• MultiValueEncoded<T> - the lazy version of the above. Arguments are only deserialized when iterating over this structure. This means that T does not need to implement ManagedVecItem, since it never gets stored in a ManagedVec.
      • In all these 3 cases, T can be any serializable type, either single or multi-value.
    • Such a var-arg will always consume all the remaining arguments, so it doesn't make sense to place any other arguments after it, single or multi-value. The framework doesn't forbid it, but single values will crash at runtime, since they always need a value, and multi-values will always be empty.
  • Multi-value tuples.
    • Defined as MultiValueN<T1, T2, ..., TN>, where N is a number between 2 and 16, and T1, T2, ..., TN can be any serializable types, either single or multi-value; e.g. MultiValue3<BigUint, ManagedBuffer, u32>.
    • It doesn't make much sense to use them as arguments on their own (it is easier and equivalent to just have separate named arguments), but they do have the following uses:
      • They can be embedded in a regular var-arg to obtain groups of arguments. For example MultiValueVec<MultiValue3<BigUint, BigUint>> defines pairs of numbers. There is no more need to check in code that an even number of arguments was passed, the deserializer resolves this on its own.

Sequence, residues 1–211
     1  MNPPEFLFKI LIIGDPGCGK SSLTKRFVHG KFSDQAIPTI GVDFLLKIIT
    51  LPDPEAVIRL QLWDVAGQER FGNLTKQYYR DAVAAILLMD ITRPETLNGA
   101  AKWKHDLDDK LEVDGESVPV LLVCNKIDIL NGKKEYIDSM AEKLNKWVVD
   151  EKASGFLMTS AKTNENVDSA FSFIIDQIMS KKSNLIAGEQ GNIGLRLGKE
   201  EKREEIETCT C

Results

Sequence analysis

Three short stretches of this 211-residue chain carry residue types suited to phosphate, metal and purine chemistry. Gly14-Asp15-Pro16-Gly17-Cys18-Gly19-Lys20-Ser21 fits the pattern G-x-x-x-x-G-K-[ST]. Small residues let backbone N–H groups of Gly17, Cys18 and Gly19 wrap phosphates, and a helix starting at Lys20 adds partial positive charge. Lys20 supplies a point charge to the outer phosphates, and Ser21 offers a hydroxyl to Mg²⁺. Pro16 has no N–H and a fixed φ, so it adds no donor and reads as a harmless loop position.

• Rust does not allow returing more than one result, but by returning a multi-value tuple we can have an endpoint return several values, of different types.
  • Optional arguments.
    • Defined as OptionalValue<T>, where T can be any serializable type, either single or multi-value.
    • At most one argument will be consumed. For this reason it sometimes makes sense to have several optional arguments one after the other, or optional arguments followed by var-args.
    • Do note, however, that an optional argument cannot be missing if there is anything else coming after it. For example if an endpoint has arguments a: OptionalValue<u32>, b: OptionalValue<u32>, b can be missing, or both can be missing, but there is no way to have a missing and b to be there, because passing any argument will automatically get it assigned to a.
  • Counted var-args.
    • Suppose we actually do want two sets of var-args in an endpoint. One solution would be to explicitly state how many arguments each of them contain (or at least the first one). Counted var-args make this simple.
    • Defined as MultiValueManagedVecCounted<T>, where T can be any serializable type, either single or multi-value.